Q & A with Writer-Director Matthew Robinson


As part of ZAMM.com’s ongoing series of filmmaker interviews Martin Grove talks to Matthew Robinson, co-writer and co-director with Ricky Gervais of the comedy “The Invention of Lying”, premiering Sept. 14 at the Toronto International Film Festival and opening wide Sept. 25 via Warner Bros.

“The Invention of Lying” takes place in an alternate reality in which lying — even the concept of a lie — does not exist. Everyone from politicians to advertisers to the man and woman in the street speaks the truth and nothing but the truth with no thought of the consequences. But when Mark (Ricky Gervais), a down-on-his-luck loser, suddenly develops the ability to lie, he finds that dishonesty has its rewards.

In a world where every word is assumed to be the absolute truth, Mark easily lies his way to fame and fortune. But lies have a way of spreading and Mark begins to realize that things are getting a little out of control when some of his tallest tales are being taken as, well, gospel. With the entire world now hanging on his every word, there’s only one thing Mark hasn’t been able to lie his way into — the heart of the woman he loves.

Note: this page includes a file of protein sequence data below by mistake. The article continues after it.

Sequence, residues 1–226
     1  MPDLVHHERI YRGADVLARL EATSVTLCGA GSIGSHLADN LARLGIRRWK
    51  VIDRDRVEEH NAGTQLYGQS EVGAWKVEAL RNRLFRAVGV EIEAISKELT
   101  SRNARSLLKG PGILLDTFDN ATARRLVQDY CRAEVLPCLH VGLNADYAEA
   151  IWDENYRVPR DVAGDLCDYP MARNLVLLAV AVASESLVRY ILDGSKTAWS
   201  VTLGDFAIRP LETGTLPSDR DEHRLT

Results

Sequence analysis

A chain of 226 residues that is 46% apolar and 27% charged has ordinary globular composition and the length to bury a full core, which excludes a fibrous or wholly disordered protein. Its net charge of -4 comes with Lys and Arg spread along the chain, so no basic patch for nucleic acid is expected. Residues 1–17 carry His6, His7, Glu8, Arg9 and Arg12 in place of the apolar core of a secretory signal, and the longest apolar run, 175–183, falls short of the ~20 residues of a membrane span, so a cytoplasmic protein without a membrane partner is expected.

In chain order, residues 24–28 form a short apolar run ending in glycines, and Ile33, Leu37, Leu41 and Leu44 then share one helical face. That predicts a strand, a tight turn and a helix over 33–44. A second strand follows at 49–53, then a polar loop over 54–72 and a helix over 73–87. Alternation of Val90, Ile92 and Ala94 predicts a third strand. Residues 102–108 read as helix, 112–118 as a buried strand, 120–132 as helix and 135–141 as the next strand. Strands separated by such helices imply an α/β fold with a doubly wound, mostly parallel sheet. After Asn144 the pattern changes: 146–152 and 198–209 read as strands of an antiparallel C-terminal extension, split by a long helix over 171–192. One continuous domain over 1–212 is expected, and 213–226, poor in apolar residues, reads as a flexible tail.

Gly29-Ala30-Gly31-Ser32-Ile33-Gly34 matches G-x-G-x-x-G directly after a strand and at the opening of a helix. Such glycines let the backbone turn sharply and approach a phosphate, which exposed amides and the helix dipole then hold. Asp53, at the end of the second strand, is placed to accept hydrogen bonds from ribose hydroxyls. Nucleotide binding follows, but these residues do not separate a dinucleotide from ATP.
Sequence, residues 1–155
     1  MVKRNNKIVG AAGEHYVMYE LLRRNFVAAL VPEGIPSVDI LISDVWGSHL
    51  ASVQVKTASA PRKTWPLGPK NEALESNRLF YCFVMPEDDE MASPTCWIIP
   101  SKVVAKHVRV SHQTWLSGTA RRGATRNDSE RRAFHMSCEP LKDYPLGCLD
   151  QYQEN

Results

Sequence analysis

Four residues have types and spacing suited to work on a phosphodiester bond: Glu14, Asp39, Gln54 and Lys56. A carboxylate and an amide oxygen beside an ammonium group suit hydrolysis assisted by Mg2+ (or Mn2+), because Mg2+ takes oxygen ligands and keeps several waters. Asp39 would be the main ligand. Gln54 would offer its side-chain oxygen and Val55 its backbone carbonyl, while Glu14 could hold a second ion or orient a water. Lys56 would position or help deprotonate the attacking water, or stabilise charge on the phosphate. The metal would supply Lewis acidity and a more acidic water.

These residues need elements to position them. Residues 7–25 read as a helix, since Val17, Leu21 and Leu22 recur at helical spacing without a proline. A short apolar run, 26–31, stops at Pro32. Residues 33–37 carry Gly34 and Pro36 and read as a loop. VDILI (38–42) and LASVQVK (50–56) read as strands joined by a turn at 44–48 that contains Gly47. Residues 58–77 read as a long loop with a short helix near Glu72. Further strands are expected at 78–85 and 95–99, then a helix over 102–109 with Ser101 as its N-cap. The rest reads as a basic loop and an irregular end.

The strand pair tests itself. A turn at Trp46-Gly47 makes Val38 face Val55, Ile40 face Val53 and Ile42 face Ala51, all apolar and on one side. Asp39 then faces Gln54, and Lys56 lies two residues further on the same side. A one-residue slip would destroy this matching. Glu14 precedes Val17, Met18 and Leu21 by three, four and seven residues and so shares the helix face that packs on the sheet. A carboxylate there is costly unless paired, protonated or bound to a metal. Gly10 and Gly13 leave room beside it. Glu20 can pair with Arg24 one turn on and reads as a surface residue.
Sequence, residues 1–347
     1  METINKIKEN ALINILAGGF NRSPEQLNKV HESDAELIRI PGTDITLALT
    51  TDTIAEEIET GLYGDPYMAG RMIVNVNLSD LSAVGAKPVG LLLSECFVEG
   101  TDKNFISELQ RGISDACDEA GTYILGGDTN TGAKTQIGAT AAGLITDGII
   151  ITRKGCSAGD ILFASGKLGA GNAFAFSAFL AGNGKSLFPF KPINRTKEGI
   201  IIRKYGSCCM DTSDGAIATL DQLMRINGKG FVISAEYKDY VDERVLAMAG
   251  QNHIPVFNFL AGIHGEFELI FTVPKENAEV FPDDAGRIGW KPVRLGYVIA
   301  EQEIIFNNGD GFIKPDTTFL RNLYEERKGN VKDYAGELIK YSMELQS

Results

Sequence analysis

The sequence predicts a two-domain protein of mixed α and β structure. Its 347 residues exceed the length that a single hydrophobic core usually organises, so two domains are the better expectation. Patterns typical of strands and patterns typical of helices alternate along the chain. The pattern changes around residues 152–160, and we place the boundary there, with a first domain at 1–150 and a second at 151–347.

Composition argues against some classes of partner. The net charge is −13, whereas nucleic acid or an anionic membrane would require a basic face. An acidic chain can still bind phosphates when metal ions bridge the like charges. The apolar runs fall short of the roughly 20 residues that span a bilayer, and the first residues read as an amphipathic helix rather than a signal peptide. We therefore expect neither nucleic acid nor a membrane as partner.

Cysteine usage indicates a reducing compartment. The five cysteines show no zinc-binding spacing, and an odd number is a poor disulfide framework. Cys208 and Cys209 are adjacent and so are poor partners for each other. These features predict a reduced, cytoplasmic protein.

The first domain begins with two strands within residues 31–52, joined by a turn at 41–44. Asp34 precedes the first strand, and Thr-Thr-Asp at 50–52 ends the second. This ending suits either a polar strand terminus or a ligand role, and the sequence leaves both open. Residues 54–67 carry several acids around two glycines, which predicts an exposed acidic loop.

“The Invention of Lying” stars Ricky Gervais, Jennifer Garner (“Juno”), Jonah Hill (“Superbad”), comedian Louis C.K., Jeffrey Tambor (“Arrested Development”) and Fionnula Flanagan (“Yes Man”) with Rob Lowe (“Brothers & Sisters”) and Tina Fey (“Baby Mama”, “30 Rock”).

Written and directed by Ricky Gervais (“The Office”, “Extras”) & Matthew Robinson (his first feature), the film was produced by Lynda Obst (“How to Lose a Guy in 10 Days”, “Sleepless in Seattle”), Oly Obst, Gervais and Dan Lin (“Terminator Salvation”, “Shorts”). It was executive produced by Ted Field, Paris Kasidokostas Latsis, Terry Dougas and Sue Baden-Powell.